David is working in Ireland and will be there for the next two or three weeks so I plan to join him for a long weekend. We’re planning to catch up with Cal and Les. Although I have been to Dublin several times I have never explored further south so am looking forward to seeing Cork and Kerry. We fly to New York for a few days in June and will be staying at the Waldorf. And we go to Peru for 3 weeks in Aug. I always book our hols for a year at a time year; that way when we are both working long hours we know we will soon have a good break to recover. I am always buying travel books for inspiration and ideas for future trips.
We have just remade our wills again (as I realised they were very out of date) in case our plane crashes in the jungles of Peru or the boat we are taking sinks in the Amazon. It’s a strange process which has also helped me think about my future plans.

Send Pauline my best wishes for your journey and for the next 6 months. It’s a beautiful weekend here in London – am off to walk down the river.

I replied to Jane

Thanks very much. You didn’t say which hotel you stayed at in Athens and what you thought of it.
I hear you’ve been a very bad girl – employing ex policemen to investigate their colleagues. Talk about the corrupt judging the corrupt!
By the way, only Jesus can walk down the river.

12th April, 2010

A frantic day getting last things done. We suddenly realised our Europ Assist that comes with our car under Hondacare only covers us for trips of 90 days. Half an hour later and £250.00 lighter we have AA Annual European cover. The bins aren’t emptied until a week on Thursday (What sort of service is that?) so everything goes into the back of the car including the lawnmower which we blew up irreparably last night and we are off to the Local Authority tip. We come here once a week anyway but today there is a queue a mile long. Back home it’s tea and toast and then we start to pack the car. The car is filled in two stages:

Stage 1: Just the boot is packed and the rear seats are left in upright position. The widescreen television fits neatly across the back of the rear seats and is strapped to the anchor points. Everything else, including a garden spade and fork (Have you seen Mediterranean spade?) and a sewing machine are piled in.

Stage 2: When we reach Sortir 40 on the E25 at Thionville, we go into Carrefore and buy all their wine. Returning to the car, we re-pack it with the back seats down to create a flat platform. The cases of wine go there to ensure the greatest weight is in the centre.


Stage 3: We drive on with Pauline saying continually, Do you think we are overloading the car? We carry on regardless until we get to Italy when we stop and start to make as much room as possible for all their wine and cheese.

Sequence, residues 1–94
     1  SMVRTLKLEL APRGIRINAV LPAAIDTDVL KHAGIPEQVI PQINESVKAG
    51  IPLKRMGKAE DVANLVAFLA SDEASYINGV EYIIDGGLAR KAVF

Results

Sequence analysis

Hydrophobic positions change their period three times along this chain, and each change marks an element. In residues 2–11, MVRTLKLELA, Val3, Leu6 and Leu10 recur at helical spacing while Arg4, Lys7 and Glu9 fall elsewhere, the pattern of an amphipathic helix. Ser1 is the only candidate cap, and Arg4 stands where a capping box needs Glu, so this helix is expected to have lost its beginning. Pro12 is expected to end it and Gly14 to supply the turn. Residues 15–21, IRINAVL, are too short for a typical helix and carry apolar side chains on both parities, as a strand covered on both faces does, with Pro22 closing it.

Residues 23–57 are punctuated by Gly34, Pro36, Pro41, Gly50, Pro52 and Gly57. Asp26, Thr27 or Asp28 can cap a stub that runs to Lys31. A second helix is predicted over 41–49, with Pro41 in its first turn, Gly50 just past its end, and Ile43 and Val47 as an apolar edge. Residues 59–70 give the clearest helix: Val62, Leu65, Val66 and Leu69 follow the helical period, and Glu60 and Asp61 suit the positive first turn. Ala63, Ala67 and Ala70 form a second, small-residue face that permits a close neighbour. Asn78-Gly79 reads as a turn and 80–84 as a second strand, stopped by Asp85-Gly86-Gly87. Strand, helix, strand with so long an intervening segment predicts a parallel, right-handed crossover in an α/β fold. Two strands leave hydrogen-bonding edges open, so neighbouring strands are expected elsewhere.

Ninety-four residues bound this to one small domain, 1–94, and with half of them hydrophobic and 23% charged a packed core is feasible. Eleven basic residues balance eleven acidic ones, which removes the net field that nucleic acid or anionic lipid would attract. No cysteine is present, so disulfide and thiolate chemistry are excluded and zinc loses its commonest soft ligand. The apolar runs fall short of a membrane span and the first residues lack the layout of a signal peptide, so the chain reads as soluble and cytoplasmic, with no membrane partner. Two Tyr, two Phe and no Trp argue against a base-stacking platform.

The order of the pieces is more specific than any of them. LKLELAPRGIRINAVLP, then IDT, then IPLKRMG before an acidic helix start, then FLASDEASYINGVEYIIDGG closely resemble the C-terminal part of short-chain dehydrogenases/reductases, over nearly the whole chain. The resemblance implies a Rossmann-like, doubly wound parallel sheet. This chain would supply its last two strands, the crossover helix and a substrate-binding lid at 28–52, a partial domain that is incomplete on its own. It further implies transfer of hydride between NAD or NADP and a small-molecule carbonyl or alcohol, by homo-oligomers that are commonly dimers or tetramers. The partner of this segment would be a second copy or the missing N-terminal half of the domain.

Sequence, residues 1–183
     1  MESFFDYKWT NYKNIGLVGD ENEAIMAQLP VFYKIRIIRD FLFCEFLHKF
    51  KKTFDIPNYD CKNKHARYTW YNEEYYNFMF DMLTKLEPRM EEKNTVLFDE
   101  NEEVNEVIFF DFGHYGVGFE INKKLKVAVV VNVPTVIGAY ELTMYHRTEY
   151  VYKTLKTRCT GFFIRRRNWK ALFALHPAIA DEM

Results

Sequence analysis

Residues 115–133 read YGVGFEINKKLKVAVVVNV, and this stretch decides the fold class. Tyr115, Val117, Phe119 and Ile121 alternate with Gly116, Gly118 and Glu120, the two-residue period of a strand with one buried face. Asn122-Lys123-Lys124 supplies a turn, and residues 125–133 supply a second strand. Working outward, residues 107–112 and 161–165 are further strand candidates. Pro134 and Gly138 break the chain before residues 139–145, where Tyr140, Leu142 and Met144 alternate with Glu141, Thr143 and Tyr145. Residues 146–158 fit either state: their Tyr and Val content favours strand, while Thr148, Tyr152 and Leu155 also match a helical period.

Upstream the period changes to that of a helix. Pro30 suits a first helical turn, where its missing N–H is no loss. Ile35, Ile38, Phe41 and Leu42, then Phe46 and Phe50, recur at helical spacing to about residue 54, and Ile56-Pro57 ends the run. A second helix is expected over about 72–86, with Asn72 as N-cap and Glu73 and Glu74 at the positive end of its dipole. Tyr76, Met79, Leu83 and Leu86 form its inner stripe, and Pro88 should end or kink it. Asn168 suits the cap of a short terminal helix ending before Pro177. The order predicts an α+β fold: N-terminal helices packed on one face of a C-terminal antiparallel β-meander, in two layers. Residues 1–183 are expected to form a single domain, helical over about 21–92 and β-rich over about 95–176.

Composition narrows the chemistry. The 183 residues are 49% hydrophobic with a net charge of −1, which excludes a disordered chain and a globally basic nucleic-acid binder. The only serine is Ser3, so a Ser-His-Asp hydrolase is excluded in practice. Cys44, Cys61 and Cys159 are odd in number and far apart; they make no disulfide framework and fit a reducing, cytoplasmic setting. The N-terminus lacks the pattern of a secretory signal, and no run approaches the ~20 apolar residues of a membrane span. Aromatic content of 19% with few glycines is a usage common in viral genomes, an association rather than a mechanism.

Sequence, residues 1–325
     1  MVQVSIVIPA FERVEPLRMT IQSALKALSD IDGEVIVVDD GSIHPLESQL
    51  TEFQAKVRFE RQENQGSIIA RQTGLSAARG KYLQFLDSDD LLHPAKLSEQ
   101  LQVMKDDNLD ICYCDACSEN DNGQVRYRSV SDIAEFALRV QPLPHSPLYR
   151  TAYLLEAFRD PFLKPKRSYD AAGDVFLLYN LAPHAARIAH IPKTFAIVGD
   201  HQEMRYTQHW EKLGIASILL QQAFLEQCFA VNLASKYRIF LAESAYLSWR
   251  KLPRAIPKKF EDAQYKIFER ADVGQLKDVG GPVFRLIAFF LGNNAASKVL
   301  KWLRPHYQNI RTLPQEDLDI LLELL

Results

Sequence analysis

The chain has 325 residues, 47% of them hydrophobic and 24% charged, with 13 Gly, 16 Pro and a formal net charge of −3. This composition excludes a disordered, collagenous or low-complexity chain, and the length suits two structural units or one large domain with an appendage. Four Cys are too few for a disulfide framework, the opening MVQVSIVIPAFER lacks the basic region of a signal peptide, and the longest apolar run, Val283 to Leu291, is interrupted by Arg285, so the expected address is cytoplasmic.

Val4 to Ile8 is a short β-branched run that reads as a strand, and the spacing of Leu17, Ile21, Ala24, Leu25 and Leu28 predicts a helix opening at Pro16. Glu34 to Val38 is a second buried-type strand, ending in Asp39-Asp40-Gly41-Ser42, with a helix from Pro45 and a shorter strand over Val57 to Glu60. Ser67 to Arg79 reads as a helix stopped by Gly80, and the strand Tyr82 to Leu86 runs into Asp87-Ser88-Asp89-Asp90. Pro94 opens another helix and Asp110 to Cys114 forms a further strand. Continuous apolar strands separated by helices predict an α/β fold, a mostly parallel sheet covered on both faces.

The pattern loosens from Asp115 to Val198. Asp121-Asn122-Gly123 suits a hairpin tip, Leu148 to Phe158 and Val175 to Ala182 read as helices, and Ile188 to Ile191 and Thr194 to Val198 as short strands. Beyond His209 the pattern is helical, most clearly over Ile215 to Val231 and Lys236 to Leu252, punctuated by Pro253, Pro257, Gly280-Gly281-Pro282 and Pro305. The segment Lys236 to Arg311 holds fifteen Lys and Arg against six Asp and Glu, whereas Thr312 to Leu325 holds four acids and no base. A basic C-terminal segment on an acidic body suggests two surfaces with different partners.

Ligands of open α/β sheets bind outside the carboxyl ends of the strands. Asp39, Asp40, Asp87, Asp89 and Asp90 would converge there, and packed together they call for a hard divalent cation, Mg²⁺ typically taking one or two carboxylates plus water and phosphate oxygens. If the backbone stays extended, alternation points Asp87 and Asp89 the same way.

13th April, 2010

Another beautiful day! What’s going on? Up early to do all the last minute jobs:

  • Sweep Patio
  • Hoover Carpets
  • Clean and lock windows
  • Phone ‘Sky’ and cancel contract.
  • Phone Waterboard and turn water off.
  • Take Gas & Electricity readings and upload them to the company.
  • Make sure all automatic light and radio settings are correct.
  • Put all rubbish in neighbour’s bin.
  • Eat croissant and drink fresh coffee
  • Check washer bottle in car
  • Make sure laptop and mobiles are charged up.
  • Empty and clean dishwasher.
  • Telephone friends to say goodbye.

Shower ready for leaving. Final check and off. Thank goodness for that. Leaving is always worse than travelling. Pictures will follow but who knows when.

14th April, 2010

We had a wonderful crossing last night and disembarked this morning in Zeebrugge at 8.45 am. after a huge cooked breakfast.  Having driven this journey ten times in peak season with peak season holiday traffic, it was wonderful to drive it today with no one on the road. It was kind of France and the Benelux countries to build the wonderful motorways just for us. We are in the Novotel, Colmar, Alsace. We arrived about 4.30 pm. We have cheap, wireless, internet access for our laptop. We have walked to a wonderful restaurant 100m away and eaten a three course meal for €40.00 plus wine. We have used Skype to phone Pauline’s Mum – 20 mins for 20p – and we have been listening to BBC Radio 4 ‘PM’ programme followed by the 6.00 o’clock news. Life’s just awful for retired people!

15th April, 2010